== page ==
And I thought only about 8% of Americans live there, but given the statistics on the jobs created in the current economic recovery, it seems more Americans must live in the Lone Star State than census figures suggest. (Guess the ACORN census workers in Texas were sleeping on the job.)
How else do you explain this?
Some 37% of all net new American jobs since the recovery began were created in Texas. . . .
Using Bureau of Labor Statistics (BLS) data, Dallas Fed economists looked at state-by-state employment changes since June 2009, when the recession ended. Texas added 265,300 net jobs, out of the 722,200 nationwide, and by far outpaced every other state. New York was second with 98,200, Pennsylvania added 93,000, and it falls off from there. Nine states created fewer than 10,000 jobs, while Maine, Hawaii, Delaware and Wyoming created fewer than 1,000. Eighteen states have lost jobs since the recovery began.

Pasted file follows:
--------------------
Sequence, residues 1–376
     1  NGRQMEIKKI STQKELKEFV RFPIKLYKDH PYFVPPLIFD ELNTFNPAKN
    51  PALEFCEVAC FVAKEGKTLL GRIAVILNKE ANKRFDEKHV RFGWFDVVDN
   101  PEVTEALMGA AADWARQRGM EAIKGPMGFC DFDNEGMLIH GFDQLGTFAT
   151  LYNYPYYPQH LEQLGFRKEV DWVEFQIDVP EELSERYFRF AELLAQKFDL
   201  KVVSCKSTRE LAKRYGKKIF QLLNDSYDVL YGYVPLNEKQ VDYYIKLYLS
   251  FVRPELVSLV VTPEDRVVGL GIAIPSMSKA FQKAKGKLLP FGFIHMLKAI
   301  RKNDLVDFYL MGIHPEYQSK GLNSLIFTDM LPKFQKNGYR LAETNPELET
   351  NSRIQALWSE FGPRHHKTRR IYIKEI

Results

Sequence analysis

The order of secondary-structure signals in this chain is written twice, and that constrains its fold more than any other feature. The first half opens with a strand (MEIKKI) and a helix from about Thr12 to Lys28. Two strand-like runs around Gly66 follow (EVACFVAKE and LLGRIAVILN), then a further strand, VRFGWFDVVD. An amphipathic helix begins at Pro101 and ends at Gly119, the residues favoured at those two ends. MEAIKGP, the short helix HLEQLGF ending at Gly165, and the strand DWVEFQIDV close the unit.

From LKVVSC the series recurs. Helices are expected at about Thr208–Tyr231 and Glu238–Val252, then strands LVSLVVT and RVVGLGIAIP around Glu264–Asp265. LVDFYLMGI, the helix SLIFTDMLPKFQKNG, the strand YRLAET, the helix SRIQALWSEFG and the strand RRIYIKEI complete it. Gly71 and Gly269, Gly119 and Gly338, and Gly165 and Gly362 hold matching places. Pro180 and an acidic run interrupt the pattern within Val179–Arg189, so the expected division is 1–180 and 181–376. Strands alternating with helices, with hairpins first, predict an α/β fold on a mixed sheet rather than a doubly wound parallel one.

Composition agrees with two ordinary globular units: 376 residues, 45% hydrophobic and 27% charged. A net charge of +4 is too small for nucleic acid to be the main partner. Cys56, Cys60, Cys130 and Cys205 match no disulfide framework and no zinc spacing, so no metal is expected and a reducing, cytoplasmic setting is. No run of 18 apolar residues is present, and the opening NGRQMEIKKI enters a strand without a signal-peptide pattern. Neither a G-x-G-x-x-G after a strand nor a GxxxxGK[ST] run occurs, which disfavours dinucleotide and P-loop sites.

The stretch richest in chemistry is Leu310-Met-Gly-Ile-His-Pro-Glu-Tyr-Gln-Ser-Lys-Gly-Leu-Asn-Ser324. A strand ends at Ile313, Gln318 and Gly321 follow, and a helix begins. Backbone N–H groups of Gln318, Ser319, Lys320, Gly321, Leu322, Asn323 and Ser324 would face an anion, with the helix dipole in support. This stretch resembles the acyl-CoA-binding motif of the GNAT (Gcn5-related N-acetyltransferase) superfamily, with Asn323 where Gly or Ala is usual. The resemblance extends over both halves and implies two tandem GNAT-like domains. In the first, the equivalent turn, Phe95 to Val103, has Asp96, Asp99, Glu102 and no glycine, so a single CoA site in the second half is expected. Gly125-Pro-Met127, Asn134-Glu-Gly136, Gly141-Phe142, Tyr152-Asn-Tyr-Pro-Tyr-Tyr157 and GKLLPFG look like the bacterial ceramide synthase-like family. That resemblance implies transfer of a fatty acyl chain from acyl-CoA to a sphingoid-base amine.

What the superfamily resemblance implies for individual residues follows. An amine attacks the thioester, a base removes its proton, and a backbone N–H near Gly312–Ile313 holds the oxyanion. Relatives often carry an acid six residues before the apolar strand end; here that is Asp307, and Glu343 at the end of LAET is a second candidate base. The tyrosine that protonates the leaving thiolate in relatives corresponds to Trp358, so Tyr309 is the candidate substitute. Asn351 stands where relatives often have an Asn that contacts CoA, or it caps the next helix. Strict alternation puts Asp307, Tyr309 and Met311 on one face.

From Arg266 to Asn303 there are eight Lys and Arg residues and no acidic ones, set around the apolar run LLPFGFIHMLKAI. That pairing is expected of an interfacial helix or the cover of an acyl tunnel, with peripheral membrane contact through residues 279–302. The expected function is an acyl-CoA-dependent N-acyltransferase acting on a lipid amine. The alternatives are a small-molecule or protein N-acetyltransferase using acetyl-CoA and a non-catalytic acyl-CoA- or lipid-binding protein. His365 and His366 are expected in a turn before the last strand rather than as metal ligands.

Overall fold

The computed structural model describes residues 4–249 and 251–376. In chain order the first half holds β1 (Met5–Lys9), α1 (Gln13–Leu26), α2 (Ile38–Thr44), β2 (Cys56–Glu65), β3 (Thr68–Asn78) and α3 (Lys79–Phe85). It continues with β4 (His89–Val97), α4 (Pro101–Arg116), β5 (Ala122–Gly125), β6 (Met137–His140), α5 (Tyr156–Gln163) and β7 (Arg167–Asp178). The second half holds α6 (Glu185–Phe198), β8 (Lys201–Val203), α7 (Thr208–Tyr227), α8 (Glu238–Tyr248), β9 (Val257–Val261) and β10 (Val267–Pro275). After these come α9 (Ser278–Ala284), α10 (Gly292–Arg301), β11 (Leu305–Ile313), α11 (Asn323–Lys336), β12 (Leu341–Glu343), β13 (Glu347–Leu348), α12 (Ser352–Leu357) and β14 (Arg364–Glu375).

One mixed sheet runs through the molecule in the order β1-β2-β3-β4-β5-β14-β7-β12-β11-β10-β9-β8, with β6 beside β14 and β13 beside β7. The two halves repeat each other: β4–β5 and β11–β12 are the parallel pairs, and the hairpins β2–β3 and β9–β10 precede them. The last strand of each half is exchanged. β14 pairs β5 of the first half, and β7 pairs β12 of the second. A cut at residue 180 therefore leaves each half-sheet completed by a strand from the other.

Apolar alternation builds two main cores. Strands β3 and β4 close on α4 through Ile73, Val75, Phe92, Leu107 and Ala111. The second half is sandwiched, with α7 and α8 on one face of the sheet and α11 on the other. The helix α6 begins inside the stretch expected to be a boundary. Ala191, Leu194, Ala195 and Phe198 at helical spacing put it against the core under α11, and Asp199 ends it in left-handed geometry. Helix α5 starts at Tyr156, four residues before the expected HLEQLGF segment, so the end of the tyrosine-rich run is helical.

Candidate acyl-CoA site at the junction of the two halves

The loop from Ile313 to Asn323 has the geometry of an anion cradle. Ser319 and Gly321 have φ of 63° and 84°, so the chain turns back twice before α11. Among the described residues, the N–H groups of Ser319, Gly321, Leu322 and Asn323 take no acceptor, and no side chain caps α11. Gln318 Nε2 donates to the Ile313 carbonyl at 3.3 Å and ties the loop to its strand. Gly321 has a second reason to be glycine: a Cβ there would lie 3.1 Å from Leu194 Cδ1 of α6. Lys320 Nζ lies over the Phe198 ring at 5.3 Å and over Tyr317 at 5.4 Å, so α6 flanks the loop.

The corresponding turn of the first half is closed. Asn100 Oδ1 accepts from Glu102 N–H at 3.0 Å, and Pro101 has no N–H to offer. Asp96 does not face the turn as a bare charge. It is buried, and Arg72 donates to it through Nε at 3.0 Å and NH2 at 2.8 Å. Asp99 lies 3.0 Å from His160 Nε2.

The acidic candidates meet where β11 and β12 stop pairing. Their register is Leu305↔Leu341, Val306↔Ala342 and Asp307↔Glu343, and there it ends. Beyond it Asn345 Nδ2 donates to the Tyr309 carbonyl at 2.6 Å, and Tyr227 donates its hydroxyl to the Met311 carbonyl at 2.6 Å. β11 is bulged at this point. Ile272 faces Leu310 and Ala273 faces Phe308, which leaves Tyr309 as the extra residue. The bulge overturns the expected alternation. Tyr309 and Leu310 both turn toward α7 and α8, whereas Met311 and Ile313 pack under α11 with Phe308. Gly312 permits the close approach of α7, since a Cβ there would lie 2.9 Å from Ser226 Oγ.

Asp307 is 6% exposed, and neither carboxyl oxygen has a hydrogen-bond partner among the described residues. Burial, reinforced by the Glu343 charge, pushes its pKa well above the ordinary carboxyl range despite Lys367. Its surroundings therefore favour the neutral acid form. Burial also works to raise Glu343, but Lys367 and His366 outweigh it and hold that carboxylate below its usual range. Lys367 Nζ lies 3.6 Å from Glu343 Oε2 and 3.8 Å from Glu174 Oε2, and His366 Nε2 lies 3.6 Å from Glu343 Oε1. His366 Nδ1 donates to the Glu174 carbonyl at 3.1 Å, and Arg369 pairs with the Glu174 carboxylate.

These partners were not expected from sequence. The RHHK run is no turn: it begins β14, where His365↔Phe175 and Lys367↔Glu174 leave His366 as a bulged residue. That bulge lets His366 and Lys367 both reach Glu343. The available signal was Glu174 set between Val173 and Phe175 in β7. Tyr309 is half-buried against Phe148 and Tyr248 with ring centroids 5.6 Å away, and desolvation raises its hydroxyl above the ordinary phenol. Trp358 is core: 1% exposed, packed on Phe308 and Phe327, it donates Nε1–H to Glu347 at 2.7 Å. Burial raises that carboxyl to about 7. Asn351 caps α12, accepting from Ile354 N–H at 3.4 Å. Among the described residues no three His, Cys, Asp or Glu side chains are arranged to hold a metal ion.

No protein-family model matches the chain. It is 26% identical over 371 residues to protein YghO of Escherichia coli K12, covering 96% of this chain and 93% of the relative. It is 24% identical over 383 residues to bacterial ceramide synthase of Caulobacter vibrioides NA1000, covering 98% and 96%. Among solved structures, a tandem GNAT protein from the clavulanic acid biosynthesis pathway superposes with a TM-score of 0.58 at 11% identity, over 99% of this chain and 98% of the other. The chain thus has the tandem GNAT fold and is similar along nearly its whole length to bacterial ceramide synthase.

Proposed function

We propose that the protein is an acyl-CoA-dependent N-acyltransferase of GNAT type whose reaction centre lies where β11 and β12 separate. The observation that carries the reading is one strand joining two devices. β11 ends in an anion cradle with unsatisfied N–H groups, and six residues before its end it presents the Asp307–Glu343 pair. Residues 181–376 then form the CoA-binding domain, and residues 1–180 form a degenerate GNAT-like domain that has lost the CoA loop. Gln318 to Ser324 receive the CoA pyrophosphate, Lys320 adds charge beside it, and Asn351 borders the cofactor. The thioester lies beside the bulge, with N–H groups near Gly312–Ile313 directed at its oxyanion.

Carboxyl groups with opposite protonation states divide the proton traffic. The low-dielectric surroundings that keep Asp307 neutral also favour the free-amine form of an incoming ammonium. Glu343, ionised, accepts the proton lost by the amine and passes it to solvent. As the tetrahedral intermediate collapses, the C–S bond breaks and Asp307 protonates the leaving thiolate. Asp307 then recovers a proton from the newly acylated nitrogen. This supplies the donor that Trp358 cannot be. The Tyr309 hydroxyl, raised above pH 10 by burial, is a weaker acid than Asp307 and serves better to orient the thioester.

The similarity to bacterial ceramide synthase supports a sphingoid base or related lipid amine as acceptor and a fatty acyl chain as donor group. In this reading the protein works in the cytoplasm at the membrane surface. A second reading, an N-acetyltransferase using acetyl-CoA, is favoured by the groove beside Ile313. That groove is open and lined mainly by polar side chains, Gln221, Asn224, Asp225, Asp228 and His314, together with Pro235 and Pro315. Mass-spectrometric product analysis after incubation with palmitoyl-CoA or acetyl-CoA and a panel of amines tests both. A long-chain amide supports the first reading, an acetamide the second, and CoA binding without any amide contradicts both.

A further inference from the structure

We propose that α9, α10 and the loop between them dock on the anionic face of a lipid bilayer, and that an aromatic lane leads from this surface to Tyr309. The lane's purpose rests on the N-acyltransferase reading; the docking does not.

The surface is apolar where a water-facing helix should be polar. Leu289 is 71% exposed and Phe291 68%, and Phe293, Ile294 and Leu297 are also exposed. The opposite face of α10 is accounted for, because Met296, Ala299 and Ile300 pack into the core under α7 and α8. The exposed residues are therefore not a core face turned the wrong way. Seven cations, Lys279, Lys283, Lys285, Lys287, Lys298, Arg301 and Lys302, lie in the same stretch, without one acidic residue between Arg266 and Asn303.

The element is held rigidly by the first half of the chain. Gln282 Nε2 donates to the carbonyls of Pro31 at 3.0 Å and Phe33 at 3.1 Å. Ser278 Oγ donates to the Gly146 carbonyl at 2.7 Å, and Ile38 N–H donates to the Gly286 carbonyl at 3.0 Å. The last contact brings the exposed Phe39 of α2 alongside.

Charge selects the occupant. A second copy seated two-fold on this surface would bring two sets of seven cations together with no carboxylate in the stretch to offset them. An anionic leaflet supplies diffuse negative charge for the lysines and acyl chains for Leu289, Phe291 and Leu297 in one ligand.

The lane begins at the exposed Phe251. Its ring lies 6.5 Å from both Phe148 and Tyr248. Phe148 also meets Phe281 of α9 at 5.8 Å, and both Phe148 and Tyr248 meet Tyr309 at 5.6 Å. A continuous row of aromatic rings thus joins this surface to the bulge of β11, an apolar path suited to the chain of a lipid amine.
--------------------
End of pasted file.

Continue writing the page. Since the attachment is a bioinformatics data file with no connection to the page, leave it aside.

This article must be using outdated census figures. It says 24.7 million people live in Texas while 36.9 million reside in California. With a population almost 50% greater than that of its Lone Start counterpart, well, then shouldn’t the Golden State have added about 400,000 new jobs? I mean, well, um that’s what our junior Senator promised. Right, m’am?